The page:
Raising backyard chickens is a dream addition to many new homesteads – even those in the middle of a city where backyard chickens are allowed. And it’s easy to see the appeal:
- Backyard chickens provide fresh yard eggs daily
- Raising chickens give you access to free-range meat
- Chickens are a great form of pest control in your garden and yard
- Plus, they are fun addition to your homestead
So, should you raise backyard chickens? While there are definitely reasons to say yes, here are 5 simple reasons NOT to keep chickens on your homestead. These are things I wish I had known when considering whether or not to add chickens to our lives.
Whether you are new to the homesteading community or not, it’s probable that you’ve considered adding chickens to your life. After all, it would be great to have fresh eggs daily and homegrown meat.
Add to that the appeal of the general aesthetic pleasure of being able to look out of the kitchen window to gaze upon the pastoral scene taking place in your yard and chickens are very tempting!
That’s what we thought a few years ago when we first moved to our 8 acre shared family homestead. Chickens are the first natural progression from city life to homesteading, at least it is once you have your garden set up.
Here are our personal reflections after 3 years with backyard chickens!
5 Reasons NOT to Raise Backyard Chickens
After 3 years of having our chickens, here are the 5 things I wish I had really known before committing to raising backyard chickens.
1. They poop everywhere
If you have free range chickens, then you need to accept that the chickens will poop everywhere! On the porch, the walkways, the swing set and fort, the outdoor chairs and benches… everywhere.
For some people, that’s not a deal breaker, but it’s really not pleasant for me to have to hose down ever surface on a daily basis.
This is probably something that we should have known, but just didn’t think about! If you are preparing to raise chickens and don’t want to hose off everything daily, I would recommend a coop that the chickens can’t fly over – an 8-9 foot fence – unless you want to regularly clip their wings.
2. The Rooster Will Likely Attack You and Your Kids
My dad grew up around chickens, and I had always heard stories of roosters attacking the kids and cousins.
But I’ve also seen all those great Facebook videos of the rooster crawling up into the lap of its owner and cuddling them…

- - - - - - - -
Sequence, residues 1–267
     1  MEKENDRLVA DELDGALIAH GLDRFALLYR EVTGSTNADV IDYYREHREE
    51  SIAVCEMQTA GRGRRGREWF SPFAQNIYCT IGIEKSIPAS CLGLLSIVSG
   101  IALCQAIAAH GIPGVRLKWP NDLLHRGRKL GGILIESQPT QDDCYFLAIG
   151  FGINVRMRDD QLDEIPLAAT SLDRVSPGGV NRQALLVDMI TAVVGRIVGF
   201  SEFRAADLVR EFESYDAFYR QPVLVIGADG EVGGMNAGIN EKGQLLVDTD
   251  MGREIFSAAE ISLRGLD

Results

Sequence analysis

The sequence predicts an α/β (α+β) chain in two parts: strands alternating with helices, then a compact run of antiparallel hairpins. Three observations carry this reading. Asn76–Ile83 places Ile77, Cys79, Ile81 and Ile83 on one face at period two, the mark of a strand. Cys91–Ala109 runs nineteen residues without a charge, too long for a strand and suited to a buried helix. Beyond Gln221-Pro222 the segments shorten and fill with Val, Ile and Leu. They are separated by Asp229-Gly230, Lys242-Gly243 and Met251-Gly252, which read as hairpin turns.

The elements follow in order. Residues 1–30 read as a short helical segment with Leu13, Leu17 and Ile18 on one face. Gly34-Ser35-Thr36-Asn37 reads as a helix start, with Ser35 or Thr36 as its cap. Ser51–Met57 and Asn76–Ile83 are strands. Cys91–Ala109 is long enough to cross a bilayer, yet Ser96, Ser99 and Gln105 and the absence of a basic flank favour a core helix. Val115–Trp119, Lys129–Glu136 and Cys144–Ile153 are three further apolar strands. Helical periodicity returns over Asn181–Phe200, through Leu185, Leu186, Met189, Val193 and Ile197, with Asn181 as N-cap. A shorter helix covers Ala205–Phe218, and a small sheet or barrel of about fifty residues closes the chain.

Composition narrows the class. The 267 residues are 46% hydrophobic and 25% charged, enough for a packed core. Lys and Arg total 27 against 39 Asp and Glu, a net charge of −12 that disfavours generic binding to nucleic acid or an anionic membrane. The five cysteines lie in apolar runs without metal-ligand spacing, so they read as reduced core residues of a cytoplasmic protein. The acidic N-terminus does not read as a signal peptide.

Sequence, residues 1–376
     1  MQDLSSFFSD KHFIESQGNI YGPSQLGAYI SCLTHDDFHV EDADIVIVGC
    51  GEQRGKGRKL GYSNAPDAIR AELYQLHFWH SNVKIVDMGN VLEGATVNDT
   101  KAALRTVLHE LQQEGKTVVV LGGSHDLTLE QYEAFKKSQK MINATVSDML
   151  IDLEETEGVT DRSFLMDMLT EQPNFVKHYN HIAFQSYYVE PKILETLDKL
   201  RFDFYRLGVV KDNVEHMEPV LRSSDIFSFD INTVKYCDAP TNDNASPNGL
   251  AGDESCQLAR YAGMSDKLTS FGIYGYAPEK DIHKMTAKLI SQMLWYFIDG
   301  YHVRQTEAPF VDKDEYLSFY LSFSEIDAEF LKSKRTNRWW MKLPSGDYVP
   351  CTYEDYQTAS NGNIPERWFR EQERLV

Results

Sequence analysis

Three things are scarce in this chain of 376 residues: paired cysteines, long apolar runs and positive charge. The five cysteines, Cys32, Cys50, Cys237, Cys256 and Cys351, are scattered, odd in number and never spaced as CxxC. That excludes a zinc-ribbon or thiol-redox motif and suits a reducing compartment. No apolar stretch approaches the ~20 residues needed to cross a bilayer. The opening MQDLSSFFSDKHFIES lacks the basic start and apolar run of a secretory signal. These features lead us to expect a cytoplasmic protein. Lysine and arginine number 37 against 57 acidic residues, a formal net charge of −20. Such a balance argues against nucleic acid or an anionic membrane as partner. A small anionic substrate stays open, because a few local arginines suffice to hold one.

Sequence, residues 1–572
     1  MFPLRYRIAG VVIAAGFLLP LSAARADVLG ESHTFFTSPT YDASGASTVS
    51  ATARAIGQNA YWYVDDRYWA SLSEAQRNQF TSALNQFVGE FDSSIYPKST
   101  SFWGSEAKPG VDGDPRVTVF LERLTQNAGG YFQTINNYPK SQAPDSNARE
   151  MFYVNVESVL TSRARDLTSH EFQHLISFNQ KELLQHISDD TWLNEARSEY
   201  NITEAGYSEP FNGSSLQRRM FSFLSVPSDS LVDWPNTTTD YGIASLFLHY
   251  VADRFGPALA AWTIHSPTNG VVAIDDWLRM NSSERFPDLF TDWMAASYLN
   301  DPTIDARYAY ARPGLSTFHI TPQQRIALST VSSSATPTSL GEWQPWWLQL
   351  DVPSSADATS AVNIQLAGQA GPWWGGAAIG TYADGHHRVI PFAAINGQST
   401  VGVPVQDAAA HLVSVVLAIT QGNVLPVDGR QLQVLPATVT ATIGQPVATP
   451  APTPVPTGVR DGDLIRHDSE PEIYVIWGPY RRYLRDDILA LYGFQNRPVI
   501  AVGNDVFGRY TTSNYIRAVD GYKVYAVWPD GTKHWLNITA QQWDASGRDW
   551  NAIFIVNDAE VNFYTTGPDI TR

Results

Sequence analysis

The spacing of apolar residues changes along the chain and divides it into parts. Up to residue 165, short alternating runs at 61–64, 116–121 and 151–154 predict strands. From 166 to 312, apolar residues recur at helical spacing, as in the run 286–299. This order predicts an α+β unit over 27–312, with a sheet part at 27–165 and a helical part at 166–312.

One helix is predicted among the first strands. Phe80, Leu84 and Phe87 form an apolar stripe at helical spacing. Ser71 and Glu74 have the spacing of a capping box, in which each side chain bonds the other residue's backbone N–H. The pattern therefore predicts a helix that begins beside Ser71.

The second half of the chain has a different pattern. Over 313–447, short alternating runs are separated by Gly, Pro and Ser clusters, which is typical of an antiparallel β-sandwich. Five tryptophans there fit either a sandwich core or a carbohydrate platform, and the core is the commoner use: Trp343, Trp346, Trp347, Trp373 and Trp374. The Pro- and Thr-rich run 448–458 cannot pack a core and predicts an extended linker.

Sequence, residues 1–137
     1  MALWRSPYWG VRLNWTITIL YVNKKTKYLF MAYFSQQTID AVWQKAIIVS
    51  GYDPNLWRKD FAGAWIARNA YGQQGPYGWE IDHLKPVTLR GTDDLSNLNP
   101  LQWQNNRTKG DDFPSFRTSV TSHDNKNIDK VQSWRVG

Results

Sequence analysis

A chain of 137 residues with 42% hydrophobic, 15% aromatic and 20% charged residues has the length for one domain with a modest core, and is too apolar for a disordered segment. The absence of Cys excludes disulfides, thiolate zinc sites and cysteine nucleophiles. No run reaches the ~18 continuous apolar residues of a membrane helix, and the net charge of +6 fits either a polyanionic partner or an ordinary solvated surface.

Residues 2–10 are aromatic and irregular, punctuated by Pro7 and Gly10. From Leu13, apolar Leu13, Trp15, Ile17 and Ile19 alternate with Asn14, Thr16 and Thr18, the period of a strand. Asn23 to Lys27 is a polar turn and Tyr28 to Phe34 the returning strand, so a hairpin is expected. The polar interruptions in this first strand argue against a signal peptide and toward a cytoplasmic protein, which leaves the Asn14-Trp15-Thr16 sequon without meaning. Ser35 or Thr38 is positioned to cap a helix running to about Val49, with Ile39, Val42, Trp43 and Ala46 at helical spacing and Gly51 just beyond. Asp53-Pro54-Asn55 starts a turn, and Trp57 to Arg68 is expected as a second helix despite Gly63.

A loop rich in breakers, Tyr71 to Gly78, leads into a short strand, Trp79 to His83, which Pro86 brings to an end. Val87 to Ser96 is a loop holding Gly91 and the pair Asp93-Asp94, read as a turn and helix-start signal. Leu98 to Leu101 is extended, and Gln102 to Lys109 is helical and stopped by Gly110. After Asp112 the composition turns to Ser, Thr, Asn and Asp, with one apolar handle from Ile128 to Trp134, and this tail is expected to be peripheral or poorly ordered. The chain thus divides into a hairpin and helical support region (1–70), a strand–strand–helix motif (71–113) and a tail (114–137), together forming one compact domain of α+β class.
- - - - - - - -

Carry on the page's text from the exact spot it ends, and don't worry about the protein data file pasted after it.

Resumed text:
So I figured it was just a fluke that my dad grew up with mean roosters and that ours would be different.
Our gorgeous rooster was fine for about 6 months but then a switch flipped and he would relentlessly attack any male that went anywhere near the coop… like anywhere within 20-30 feet!
It didn’t matter what you did to “beat” him back, he would still come back for more.
We tried everything we could to make the situation better, but the final straw was when he attacked my husband while he was holding our 3 year old son and was blocking the way into our house!
Not all roosters are like this! But it is something that you should be aware of and have a plan for in the event.
3. You Have to Gather Eggs Daily
This is may be a “duh” point for you, but it’s a reality that you need to consider.
Do you like to travel or have days where you are gone all day? Then this is something you really need to think about before committing to raising chickens.
Also keep in mind that in order to keep a clean egg laying box, you really need to open the laying boxes in the morning, and close them at night. Otherwise they will poop in the boxes and it will make the eggs dirty and your gathering job much less enjoyable.
This makes gathering eggs a two times a day process.
BONUS: We found a beautiful coop for just a few hundred dollars. Isn’t it lovely?
4. You Will Have to Deal with Snakes
Nothing is so startling as opening the laying boxes to find a big old black snake coiled up there waiting for you. Yikes.
Now, snakes are a reality of homesteading living, but being confronted with them in such close quarters was something that I was not ready for on a daily basis.
What finally helped cut down on the number of snakes is what we added two outdoor cats to the farm. As soon as we added the cats the snakes stopped coming around. Snakes really hate the smell of cats!
But still, if you don’t want cats around, snakes are going to happen. Just know that.
5. The Chickens Will Die
The thing that surprised us the most was how the death of one of the chickens hit us so hard.
When you bring an animal into your life and commit to taking care of it, any situation that causes you to fail at that job is very difficult to cope with.
This grief and pain is compounded when there are children involved as they get attached to the animals.
There are all sorts of ways to protect your chickens from predators and diseases, but eventually one or more of them will die. So be prepared for the event in advance!
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We Still Love Our Chickens
Having said all that, we do love our fresh eggs and being able to have the chickens wandering the property with us!
These things take some getting used to and are things we wish we had known before-hand!
Tell me what you think? Are chickens still on your homestead list?